I’m sitting at my desk in the cubicle farm at work. The phone isn’t ringing and I have time to look around. The walls and floors are brown, and the lights are fluorescent in this metal building with no windows. 3 ten hour shifts a week here pushes the limits of my tolerance for voluntary submission to oppression.
I finished Stephen King’s book, On Writing. I love it. I’m sorry it ended. King wrote it 15 years ago yet it is still fresh and relevant. For me, it is revolutionary.
Earworms chanting “it is impossible to write without plotting,” had set up residence in my brain. Trouble is; I can’t plot. King wrote, “Plot is, I think, the good writer’s last resort and the dullard’s first choice.” I stared at the page, open-mouthed, as those words stomped through my brain, smashing earworms.
I almost threw out my prose pen because I wasn’t writing; paralyzed by my inability to plot.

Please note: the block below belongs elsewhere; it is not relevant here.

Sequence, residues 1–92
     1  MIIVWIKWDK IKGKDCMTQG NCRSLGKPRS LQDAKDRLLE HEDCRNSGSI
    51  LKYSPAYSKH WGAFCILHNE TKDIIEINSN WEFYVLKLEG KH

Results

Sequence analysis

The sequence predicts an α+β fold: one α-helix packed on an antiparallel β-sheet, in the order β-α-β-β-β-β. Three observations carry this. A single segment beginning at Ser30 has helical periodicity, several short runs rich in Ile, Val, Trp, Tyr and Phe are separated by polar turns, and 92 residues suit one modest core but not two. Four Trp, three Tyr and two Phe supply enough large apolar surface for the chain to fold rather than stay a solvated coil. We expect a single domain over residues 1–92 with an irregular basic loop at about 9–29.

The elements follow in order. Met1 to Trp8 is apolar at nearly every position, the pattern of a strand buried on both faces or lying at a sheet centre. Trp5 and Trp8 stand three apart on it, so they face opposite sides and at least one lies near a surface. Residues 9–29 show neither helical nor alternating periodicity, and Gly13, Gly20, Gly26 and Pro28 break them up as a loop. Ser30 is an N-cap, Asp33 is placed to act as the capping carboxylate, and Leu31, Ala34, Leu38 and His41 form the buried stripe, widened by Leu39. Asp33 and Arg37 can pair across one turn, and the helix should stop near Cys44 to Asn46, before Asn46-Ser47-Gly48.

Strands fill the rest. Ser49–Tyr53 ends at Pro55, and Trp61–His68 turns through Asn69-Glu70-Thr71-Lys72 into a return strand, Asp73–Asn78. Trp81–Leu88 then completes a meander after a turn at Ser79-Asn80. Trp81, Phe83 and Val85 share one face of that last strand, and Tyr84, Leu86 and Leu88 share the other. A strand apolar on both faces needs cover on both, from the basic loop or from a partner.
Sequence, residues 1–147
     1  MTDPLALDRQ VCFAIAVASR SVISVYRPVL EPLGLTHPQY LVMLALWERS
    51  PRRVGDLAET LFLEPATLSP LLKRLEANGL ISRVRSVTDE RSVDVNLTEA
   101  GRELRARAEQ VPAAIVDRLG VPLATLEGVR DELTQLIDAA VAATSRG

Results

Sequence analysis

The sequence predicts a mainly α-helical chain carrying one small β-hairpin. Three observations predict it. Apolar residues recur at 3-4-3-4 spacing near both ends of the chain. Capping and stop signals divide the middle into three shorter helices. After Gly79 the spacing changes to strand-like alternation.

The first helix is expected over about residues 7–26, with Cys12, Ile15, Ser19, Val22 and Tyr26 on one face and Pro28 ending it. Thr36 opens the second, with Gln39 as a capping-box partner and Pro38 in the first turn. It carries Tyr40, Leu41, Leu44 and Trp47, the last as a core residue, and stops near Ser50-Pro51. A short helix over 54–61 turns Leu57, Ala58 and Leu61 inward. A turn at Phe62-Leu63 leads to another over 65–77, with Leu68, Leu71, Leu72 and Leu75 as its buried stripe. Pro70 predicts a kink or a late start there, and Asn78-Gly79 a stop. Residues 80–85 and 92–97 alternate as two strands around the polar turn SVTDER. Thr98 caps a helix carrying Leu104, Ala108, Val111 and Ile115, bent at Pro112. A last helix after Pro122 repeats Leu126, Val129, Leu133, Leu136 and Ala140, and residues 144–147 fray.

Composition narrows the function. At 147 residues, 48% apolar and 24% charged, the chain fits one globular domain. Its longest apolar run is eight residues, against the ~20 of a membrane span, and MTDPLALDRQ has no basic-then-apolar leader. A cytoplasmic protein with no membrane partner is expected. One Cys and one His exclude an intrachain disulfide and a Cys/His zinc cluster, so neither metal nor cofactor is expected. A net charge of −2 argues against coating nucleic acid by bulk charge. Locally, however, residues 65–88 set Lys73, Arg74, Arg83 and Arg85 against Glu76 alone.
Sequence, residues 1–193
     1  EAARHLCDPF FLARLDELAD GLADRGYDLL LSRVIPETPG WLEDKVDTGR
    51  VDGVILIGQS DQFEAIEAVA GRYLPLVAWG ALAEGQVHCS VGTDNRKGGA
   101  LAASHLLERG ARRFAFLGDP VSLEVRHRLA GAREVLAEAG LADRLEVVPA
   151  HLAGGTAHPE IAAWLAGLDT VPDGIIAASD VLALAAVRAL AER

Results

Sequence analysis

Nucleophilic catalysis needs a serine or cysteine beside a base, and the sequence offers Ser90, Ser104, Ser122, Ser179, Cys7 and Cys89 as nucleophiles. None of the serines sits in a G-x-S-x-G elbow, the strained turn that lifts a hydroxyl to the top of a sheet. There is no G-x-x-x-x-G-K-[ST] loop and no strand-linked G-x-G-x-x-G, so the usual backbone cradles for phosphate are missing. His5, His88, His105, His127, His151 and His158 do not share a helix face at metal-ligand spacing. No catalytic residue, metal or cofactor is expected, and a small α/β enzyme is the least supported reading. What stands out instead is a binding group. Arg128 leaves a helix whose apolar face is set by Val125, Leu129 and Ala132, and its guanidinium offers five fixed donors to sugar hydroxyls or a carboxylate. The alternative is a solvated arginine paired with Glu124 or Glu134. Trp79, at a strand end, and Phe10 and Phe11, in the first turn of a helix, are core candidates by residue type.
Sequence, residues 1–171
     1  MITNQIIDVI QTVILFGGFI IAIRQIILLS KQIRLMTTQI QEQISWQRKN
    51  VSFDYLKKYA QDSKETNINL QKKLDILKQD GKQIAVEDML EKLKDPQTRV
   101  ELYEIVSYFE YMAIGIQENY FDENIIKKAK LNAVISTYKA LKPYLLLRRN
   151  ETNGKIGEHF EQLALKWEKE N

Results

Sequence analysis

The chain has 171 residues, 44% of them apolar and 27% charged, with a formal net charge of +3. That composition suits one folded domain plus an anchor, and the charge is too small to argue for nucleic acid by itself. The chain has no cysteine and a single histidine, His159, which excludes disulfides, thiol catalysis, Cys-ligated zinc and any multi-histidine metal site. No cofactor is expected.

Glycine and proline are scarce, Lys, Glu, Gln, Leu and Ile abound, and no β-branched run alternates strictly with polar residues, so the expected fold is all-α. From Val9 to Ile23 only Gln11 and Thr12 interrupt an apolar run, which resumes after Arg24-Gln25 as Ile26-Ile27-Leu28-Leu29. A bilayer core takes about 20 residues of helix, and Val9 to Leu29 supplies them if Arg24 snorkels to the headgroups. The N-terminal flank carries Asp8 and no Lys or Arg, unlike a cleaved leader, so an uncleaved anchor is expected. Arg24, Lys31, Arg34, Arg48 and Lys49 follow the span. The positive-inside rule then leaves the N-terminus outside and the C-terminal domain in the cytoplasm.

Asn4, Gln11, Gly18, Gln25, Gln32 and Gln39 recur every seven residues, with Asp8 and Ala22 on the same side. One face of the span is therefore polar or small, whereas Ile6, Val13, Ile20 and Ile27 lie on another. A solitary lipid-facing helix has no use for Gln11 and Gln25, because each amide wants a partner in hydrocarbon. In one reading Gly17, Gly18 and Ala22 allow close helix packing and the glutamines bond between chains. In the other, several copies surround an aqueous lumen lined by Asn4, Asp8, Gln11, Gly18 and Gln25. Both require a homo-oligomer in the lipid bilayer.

Plot be damned.
King opts instead to put characters in situations. I can do that all day. Per King’s wisdom, I’m going to do it every day. I’m relieved because what would I do with all these characters in my head otherwise?
On Writing, is like warm oil on my paralyzed joints. I feel free to move my writing muscles again.
King’s thoughts on plotting are not the only revolutionary things in this book. I could write pages about what resonated with me or taught me something new. Instead, I urge you to read the book yourself.
I will pick up my prose pen and answer the question: What if the woman who stacks rocks found a severed head in her rock pile one morning? It sounds like a situation in a horror story but I doubt it will finish as a novel ala Stephen King since his fiction usually ends up in my nightmares.
I will face the severed head, though, because King assures me, a writer’s “…job is to make sure the muse knows where you’re going to be every day from nine ‘til noon or seven ‘til three. If he does know, I assure you that sooner or later he’ll start showing up, chomping his cigar and making his magic.”
Note to self: buy an ashtray.